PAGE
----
We were also warned against driving after dark due to the aggressive Roos and Emus.
Could someone tell Max that the “world famous Hotdog” at the Silverton Hotel (near Broken Hill) gives the Warnambool speedway Hotdog a run for its money.Read more
7/6/16 to 8/6/16
information included in Birdsville Blog
We decided to have a quiet day for our first day in Broken Hill, so we ate some breakfast and went out for a walk. It was only 35*C which was quite pleasant for us given the extreme heat that we had been experiencing pretty consistently. We went to buy some more sunscreen then continued on past the shopping centre housing Coles. We took a detour past the Coles because there was a big discount store which looked similar to the one we had experienced in Parkes. It wasn’t quite as good but wasn’t too shabby at all – I managed to procure a New York Subway sign for $3.00. We kept walking until we got to the visitor’s centre in town.
The visitor’s centre was nice and airy with loads to look at but we decided to go straight to the desk and ask the attendant what best to see and do for one day walking, and one day with a car (we planned to have a car the following day). He suggested that we do the heritage trail around town if we didn’t want to walk too far as there would be plenty to see. We embarked on our walk, attempting to find Thrifty so that it would be easy to find the following day. I got really annoyed because it was extremely difficult to find – we did about three blockies before we finally saw the shopfront. At least we knew where to go the following day instead of doing the same thing and wasting hire-car time! The street names in Broken Hill town centre follow a theme of mining elements: Chloride St, Bromide St & Argent St to name a few. We started our tour walking down Bromide St which is considered the main street of the town.
There were lots of old buildings and museums but we decided not to spend a huge amount of time exploring absolutely everything. Our first stop was the Palace Hotel, which was featured in Priscilla, Queen of the Desert. The building was painted with murals throughout and I certainly did not know what to look at. We decided to go upstairs for a beer. On the way up after getting our beers, we walked past a Priscilla display complete with a gigantic high hell bigger than the average person, along with lots of over-the-top memorabilia. We saw a few posters advertising the ‘Broken Heel’ festival which definitely peaked Riagan’s interest so we decided to do some research. The festival runs for three days in September, with a ticket covering all events costing only $160.00. We both got very excited and started planning a potential road trip: stay tuned as we will probably be doing it in September. Unfortunately our gorgeous little cottage was booked however we found two cottages next to each other that we have tentatively booked – if any readers want to come with us let me know. It looks like a hoot with around 2,000 guests attending each year!
After recovering from our excitement we decided to go and have a look at the Broken Hill Regional Art Gallery on Argent St, which was the first and is now the oldest Regional Art Gallery in Australia. It was opened in 1904 following the bequest of three major artworks by Mr George McCulloch, one of the founders of Broken Hill Propriety Limited (BHP). The bequest included Lynmouth, North Devon, 1867 by James Webb, After the Bath, 1890, by Harriette Sutcliffe and Memories, 1891 by John William Godward RBA. Currently the art gallery is run by the local council relying on both its’ and visitor donation support. There were some really stunning Aboriginal artworks on display, along with more classical 19th Century European art. After our look around we decided to leave and keep walking. We walked past a Hungry Jack’s and went in for lunch. We didn’t really stop anywhere on the way back except for at Coles to get food for dinner.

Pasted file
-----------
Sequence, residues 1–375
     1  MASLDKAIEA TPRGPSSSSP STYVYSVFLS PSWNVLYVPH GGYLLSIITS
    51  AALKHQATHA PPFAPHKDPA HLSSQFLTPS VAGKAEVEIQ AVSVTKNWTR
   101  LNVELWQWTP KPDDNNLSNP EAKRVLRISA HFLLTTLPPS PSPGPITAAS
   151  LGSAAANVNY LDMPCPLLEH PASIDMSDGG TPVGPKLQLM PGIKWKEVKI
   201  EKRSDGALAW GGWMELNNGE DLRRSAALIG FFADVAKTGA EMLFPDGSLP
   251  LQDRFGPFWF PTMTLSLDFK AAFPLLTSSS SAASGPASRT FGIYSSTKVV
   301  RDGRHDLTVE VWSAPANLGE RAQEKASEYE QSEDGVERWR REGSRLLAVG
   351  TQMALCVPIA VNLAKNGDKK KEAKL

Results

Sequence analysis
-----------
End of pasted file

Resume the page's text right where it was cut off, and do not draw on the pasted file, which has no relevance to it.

Riagan cooked tonight: a beautiful Moroccan salad made from beans, lentils, and a variety of vegetables including potato - it was delicious & we had heaps of leftovers. We curled up on the sofa bed with some popcorn to watch an Australian movie we had found on the mantle called ‘Alice, Sweet Alice’. I didn’t really watch it all the way through because I was busy researching accommodation for the Broken Heel Festival and writing this, however it was extremely messed up for its’ time.
Note: Our accommodation was gorgeous. I’ve included some pictures of it here – it was a very old miner’s cottage belonging to our host’s grandmother, where she had lived as a small girl when she moved to go to school. It had three bedrooms with a kitchen and bathroom out the back, along with an outside laundry and is full of everything you would want or need including TVs in every room and a vast collection of DVDs. It was also cheap, only costing $300 for three nights. The house had everything that we needed including air conditioning in all of the rooms and even a breakfast/snack basket that lasted us for the whole three nights. I would highly recommend Lillymay Cottage to anybody who wants to go to Broken Hill!
KM Travelled: 10 / Steps Taken: 14,040 / Temp: 35*CRead more
You might also know this place by the following names:
Broken Hill, BHQ, ブロークンヒル, Брокен-Хилл